The Space Shuttle Endeavor passed over Ireland last night at about 11.21pm, and for those who saw it, it was an impressive sight – all the more so because it was accompanied by the fuel tank which had been jettisoned a little earlier and was flying alongside. To give an idea of how fast this thing was going, it took off in Florida at 11.03pm. 18 minutes later it flew over my head in Dublin. This is how my countdown to the photograph above went.
T -2 hours 33 minutes: The final whistle in the C league Bowl Semi-Final tag rugby match in Templeogue College blows, with the Ruck ‘n’ Rollers celebrating their first victory of the season.
T -1 hour 23 minutes: Somewhat appropriately for the night that is in it, the team (including this photographer) head towards Eddie Rockets for some food.
T -37 minutes: With dinner over, it’s time to head for home to grab the camera and prepare to photograph the shuttle.
T -10 minutes: Arriving home, there’s time to put on warmer clothes.
T +3 minutes: As the Space Shuttle Endeavor hurtles towards the International Space Station up along the north eastern coast of the US and over the Atlantic, I leave home for the car park of Total Fitness in Sandyford with Darragh, my brother-in-law (and frequent blog guest).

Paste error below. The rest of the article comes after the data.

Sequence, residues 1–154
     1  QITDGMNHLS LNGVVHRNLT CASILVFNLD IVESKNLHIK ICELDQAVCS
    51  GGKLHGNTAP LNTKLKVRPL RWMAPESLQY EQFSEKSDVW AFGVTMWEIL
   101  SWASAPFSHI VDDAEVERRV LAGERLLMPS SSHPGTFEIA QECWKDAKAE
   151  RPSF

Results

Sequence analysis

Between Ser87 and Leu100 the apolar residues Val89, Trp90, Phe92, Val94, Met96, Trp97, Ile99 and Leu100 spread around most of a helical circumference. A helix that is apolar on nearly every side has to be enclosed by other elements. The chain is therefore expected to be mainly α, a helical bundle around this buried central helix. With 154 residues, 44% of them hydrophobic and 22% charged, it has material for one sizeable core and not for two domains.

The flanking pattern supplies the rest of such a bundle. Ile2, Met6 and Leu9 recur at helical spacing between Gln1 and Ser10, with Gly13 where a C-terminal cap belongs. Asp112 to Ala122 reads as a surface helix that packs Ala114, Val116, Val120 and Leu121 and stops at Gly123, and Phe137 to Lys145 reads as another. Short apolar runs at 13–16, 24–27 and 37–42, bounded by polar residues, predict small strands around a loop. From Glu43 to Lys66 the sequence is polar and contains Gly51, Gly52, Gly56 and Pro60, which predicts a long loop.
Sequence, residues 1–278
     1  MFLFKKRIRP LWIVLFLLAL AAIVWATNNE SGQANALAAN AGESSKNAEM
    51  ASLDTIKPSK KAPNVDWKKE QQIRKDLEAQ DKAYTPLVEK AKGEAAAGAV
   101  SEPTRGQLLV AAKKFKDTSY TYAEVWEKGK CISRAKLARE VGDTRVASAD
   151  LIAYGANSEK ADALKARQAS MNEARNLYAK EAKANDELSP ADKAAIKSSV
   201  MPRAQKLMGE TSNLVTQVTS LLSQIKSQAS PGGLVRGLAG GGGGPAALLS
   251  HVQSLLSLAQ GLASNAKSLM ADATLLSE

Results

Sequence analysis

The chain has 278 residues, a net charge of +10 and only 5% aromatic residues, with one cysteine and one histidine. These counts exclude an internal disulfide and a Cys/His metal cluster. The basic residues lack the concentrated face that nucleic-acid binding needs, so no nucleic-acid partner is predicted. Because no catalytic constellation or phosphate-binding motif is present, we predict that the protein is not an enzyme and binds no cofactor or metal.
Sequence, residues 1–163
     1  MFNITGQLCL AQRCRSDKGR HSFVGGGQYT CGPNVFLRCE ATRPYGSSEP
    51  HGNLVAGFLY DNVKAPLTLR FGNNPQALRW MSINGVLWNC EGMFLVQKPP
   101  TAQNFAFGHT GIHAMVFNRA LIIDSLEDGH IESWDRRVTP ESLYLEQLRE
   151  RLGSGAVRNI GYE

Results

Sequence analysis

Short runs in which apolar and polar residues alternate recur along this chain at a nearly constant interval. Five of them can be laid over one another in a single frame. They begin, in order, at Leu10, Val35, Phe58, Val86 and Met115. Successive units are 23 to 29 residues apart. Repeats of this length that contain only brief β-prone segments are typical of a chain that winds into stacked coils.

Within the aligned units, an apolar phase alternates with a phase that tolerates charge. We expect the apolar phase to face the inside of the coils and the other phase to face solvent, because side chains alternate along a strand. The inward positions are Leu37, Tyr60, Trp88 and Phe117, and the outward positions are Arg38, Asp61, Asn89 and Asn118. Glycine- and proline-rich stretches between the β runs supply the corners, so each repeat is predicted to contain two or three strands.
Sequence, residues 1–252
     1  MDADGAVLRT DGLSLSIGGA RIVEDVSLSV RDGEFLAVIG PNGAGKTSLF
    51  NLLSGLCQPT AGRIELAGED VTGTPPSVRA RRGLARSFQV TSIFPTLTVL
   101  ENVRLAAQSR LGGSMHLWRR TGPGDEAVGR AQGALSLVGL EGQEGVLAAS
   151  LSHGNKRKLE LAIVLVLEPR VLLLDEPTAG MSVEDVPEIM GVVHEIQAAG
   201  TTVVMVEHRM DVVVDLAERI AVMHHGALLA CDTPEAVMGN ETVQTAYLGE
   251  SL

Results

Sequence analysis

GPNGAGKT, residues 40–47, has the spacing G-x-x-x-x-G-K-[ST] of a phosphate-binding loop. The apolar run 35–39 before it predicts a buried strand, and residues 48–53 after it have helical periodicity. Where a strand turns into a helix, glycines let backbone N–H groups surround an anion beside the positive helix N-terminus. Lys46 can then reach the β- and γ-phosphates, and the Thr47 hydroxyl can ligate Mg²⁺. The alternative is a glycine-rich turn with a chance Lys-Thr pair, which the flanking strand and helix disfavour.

T +8 minutes: We arrive at the car park and get out of the car, joking about how it would look if anyone saw us both sitting in the dark in a deserted car park.
T +8 minutes, 10 seconds: An unmarked squad car pulls up behind and asks what we are up to.
T +8 minutes, 30 seconds: The gardai leave us to take photographs of the space shuttle – at least they seemed to know about it!
T +14 minutes: A few test shots later, the fisheye lens composition is tied down, and the exposure is close enough that I should be able to work with the photo in Aperture later if needs be. I’m shooting RAW. The length of the in-camera noise reduction after each shot will limit me to 2 photos at best. This is real seat-of-the-pants stuff.
T +16 minutes: Paranoid, a few more test shots are tried. A shutter speed of 30 seconds at f/8 is settled on.
T +18 minutes: Darragh spots the shuttle and its fuel tank behind some clouds to the west, bang on schedule.
T +18 minutes 3 seconds: I press the shutter and wait 30 seconds.
T +18 minutes, 33 seconds: The noise reduction on the D300 kicks in as I point the camera towards the south east and reframe
T +18 minutes, 50 seconds: As the noise reduction finishes, I readjust the exposure for a 15 second shot, and press the shutter a second time
T +19 minutes 20 seconds: The Space Shuttle Endeavour disappears behind clouds and out of sight.
T +19 minutes 21 seconds: I review my shots on the LCD screen. The first I am very happy with – the second not so much. Earlier today I hoped the flight path would take it over the city, but I realised I would have had to have been on the northside of the city to get that view. Instead I’m glad I could use the fisheye to keep the city lights in the frame and the two streaks of the shuttle and the fuel tank at the left of the frame.
T +35 minutes: After taking a few other shots of the city (some to be posted in the future), I head for home and catch up on the buzz on Twitter, where people are talking about little else. The consensus: it was quite a sight.
Photographing space shuttles – not rocket science but you really only get one shot, so you better be prepared.